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Understanding best practice when monitoring employees Understanding best practice when monitoring employees

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Nov 19

Understanding best practice when monitoring employees

Written by Harjeet Nangla

DDI: 01423 726610
E: harjeet.nangla@raworths.co.uk

The aim of this short article is to highlight some of the key areas to be considered before monitoring employees use of emails, internet and telephone systems, with a view to providing some good practice recommendations.

Many employers will recognise that monitoring employees use of email and internet can be useful in terms of dealing with performance issues or investigating disciplinary matters. However, the reality is that employers can only monitor employees in certain circumstances and with clear policies and methods in place.

The legal issues involved with monitoring employees is complex because there is no one data privacy law in the UK which governs or consolidates the legal framework within which an employer can monitor its staff. Instead, the rules and regulations relating to monitoring of employees need to be considered in light of various regulatory frameworks.

This article aims to focus on monitoring within the framework of the General Data Protection Regulations (“GDPR”) and Data Protection Act 2018; but care should also be taken in relation to other regulations, such as under the Investigatory Powers (Interception by Businesses etc. for Monitoring and Record-Keeping Purposes) Regulations 2018, as different obligations will need to be considered.

For any employers considering the use and implementation of monitoring technologies, it would be recommended to follow good practice measures in line with GDPR:

  1. Carry out a data privacy impact assessment (“DPIA”) to assess the necessity and proportionality of the monitoring activities. On the basis that employee monitoring is likely to amount to “high risk” processing, the GDPR requires a DPIA to be carried out for any new programs, systems, or processes or makes changes to existing ones; or where it results in an automated decision or involves large scale processing of either special categories of data or publicly accessible areas;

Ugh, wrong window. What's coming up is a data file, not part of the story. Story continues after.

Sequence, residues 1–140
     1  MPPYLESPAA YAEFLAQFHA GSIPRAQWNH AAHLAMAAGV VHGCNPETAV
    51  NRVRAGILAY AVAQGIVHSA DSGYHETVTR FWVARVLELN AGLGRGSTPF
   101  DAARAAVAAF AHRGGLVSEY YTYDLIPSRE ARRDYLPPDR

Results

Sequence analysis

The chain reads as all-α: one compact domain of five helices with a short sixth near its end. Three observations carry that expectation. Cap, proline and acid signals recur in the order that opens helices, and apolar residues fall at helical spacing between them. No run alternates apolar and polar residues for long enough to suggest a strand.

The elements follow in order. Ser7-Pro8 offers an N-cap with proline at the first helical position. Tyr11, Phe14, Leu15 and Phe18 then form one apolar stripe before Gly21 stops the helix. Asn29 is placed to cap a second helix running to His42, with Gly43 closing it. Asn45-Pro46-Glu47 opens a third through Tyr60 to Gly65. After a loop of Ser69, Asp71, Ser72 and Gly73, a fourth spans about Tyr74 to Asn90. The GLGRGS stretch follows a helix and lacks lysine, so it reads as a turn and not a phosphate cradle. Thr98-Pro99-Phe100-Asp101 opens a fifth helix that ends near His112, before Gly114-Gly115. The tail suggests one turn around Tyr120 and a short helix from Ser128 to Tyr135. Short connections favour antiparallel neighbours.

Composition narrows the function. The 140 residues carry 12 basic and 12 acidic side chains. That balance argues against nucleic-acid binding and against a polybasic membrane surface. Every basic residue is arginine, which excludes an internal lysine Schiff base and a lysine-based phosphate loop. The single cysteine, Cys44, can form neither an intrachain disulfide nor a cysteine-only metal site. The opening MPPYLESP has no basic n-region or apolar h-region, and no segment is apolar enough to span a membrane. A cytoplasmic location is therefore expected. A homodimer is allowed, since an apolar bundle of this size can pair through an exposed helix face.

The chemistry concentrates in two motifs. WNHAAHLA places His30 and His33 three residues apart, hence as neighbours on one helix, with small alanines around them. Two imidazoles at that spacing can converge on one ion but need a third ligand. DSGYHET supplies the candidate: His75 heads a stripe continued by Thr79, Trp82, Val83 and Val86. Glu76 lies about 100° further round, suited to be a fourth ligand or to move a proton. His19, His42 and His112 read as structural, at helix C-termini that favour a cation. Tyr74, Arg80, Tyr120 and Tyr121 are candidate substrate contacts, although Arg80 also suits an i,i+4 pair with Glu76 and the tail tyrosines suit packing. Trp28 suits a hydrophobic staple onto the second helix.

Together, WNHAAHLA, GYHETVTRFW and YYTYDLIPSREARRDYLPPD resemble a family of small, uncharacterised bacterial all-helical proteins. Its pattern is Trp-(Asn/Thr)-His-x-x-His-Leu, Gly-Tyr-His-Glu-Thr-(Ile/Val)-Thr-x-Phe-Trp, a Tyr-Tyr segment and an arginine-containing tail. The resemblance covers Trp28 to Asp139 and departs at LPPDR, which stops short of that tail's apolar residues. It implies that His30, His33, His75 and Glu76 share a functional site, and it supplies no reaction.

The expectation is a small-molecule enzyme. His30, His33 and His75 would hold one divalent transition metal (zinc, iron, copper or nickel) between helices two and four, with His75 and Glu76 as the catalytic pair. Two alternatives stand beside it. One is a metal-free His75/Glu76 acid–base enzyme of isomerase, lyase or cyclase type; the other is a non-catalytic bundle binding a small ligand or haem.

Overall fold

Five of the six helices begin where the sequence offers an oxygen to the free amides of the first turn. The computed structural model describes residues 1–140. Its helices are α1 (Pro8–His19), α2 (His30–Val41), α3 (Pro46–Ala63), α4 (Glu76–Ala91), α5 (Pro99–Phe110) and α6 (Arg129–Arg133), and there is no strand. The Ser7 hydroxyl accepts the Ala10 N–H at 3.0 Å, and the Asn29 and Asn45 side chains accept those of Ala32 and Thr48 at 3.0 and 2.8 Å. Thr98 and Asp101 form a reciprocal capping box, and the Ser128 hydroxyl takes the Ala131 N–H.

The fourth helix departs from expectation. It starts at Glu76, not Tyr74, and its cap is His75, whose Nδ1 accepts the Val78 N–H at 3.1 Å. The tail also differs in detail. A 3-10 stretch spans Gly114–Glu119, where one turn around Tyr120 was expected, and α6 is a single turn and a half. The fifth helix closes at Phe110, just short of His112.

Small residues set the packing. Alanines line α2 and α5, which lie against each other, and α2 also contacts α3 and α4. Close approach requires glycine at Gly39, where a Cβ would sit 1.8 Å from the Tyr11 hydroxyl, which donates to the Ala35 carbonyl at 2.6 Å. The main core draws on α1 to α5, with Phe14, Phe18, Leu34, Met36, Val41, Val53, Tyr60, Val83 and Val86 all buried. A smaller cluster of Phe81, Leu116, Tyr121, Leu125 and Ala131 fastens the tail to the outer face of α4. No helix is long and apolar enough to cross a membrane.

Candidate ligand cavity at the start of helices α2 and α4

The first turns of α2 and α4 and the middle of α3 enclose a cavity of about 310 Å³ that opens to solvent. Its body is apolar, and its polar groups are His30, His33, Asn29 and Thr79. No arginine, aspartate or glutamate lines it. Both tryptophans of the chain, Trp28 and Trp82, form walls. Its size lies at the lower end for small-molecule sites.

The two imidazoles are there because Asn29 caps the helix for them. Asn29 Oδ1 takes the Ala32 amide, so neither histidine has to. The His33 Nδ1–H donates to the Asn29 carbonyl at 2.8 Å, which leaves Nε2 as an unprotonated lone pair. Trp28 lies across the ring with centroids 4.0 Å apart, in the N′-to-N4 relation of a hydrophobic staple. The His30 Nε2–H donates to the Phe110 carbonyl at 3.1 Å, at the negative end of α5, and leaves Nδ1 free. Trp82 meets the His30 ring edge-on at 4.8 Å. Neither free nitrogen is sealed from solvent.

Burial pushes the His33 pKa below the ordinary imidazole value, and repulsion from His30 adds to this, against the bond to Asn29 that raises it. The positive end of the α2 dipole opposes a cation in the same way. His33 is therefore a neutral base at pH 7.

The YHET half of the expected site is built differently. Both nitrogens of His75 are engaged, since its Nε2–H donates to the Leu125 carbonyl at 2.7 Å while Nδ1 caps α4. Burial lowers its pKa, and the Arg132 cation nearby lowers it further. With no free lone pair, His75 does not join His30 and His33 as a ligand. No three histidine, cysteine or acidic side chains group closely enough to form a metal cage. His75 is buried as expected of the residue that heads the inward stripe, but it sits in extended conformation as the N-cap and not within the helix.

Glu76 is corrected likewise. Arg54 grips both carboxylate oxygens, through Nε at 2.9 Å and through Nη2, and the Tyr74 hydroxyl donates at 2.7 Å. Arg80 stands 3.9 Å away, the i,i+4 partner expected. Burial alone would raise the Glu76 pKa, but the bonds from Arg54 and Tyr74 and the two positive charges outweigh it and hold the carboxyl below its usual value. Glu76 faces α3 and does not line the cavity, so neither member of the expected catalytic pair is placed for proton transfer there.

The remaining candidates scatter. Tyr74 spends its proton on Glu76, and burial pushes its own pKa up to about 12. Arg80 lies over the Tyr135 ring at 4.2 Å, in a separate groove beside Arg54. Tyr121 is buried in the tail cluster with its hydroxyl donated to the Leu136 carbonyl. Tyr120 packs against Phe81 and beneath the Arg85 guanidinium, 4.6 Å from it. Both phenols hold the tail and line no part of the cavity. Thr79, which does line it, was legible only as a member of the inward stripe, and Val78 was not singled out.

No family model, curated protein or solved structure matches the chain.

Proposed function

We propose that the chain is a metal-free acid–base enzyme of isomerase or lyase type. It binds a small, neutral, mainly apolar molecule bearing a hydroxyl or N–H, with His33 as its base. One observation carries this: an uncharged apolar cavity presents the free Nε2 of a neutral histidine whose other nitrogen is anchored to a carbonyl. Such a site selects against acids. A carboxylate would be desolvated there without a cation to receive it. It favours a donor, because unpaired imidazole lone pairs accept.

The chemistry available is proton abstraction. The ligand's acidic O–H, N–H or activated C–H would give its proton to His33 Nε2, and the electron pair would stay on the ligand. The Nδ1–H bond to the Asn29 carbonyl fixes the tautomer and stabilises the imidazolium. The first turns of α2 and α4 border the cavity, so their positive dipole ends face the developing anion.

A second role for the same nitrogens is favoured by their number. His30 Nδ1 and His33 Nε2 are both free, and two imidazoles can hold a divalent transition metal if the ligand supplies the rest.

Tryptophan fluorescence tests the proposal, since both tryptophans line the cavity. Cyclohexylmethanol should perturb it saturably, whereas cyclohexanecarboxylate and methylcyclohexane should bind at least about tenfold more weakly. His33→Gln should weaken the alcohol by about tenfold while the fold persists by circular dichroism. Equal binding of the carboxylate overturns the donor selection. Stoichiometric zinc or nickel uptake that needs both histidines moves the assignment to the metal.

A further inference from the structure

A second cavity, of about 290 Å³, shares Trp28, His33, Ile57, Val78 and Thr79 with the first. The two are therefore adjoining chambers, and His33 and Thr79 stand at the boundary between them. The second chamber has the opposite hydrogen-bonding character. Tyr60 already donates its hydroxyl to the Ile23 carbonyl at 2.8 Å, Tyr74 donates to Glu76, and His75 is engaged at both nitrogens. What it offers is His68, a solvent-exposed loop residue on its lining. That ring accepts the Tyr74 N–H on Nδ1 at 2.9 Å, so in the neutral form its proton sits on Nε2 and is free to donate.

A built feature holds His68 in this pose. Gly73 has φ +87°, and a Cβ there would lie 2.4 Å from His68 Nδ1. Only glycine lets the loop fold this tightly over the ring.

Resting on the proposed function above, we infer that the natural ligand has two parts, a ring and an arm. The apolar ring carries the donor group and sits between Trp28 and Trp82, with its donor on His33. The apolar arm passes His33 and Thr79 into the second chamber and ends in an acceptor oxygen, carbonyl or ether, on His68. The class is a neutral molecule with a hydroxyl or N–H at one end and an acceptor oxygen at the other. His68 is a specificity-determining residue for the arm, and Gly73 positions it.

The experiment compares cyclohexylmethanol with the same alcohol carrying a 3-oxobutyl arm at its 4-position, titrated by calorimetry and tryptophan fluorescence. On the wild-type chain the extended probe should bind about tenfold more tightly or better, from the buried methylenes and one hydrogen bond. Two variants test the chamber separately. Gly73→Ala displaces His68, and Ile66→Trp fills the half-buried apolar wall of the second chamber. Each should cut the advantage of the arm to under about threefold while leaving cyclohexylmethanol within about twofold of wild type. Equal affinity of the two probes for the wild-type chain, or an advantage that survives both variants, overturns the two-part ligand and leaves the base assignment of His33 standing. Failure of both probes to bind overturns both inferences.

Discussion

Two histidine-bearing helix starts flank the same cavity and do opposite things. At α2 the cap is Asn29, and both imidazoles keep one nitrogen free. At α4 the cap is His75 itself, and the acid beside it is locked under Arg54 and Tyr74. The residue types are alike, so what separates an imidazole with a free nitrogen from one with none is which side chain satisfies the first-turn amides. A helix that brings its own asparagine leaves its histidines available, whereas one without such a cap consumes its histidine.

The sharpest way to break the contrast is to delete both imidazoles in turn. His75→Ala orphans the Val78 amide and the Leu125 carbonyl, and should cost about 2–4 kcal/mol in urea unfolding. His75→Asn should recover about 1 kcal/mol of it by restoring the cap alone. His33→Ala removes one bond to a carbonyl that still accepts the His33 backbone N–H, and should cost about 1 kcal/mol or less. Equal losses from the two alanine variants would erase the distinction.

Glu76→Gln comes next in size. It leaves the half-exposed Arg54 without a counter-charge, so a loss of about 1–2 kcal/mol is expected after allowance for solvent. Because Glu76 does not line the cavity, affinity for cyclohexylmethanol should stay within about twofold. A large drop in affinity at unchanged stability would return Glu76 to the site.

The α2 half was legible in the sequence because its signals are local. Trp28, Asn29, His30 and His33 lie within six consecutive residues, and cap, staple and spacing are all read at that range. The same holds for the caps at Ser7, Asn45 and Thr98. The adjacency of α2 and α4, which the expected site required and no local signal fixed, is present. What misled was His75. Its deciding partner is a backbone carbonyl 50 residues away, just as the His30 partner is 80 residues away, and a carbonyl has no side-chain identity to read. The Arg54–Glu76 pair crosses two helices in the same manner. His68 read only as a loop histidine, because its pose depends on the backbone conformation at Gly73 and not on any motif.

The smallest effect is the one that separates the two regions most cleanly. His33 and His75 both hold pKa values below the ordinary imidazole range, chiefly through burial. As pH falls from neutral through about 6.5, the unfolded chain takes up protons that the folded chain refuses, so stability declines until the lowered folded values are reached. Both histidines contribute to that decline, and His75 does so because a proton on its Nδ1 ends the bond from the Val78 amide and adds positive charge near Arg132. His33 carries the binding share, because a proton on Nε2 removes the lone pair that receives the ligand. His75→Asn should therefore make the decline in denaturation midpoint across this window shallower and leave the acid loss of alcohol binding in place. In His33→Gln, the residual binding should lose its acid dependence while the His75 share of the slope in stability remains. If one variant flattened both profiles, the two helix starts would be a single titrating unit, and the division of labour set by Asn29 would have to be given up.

2. Ensure that monitoring complies with all data protection principles and particularly fair, lawful and transparent processing. This would mean ensuring that you have a legal basis upon which to process such information and providing your employees with detailed information about the monitoring activities through privacy notices and appropriate policies. The provision of information to employees regarding the monitoring activities will be key to supporting the use of monitoring within the workplace;
  3. Ensure proportionality of any processing being undertaken. If you have carried out a DPIA then this issue should already have been considered and dealt with but ensure proportionality of any monitoring. By proportionality we mean balancing the need to carry out the monitoring against the impact that this could have on the employee’s private life, and whether the means of monitoring are proportionate;
  4. Make sure that only a limited number of staff will have access to the information obtained through monitoring;
  5. With regards to email monitoring, encourage staff to mark emails as “personal” and avoid monitoring those emails marked as personal. Also ensure that monitoring is limited to address or heading of emails unless it is necessary for a legitimate reason to examine the content; and
  6. Make certain that you have appropriate policies and procedures in place to support monitoring such as an IT and Communications Policy and Social Media Policy.

If you need any further information in relation to this topic or assistance with the implementation of employee monitoring, please contact Harjeet Nangla at harjeet.nangla@raworths.co.uk

Published on 4 November 2019

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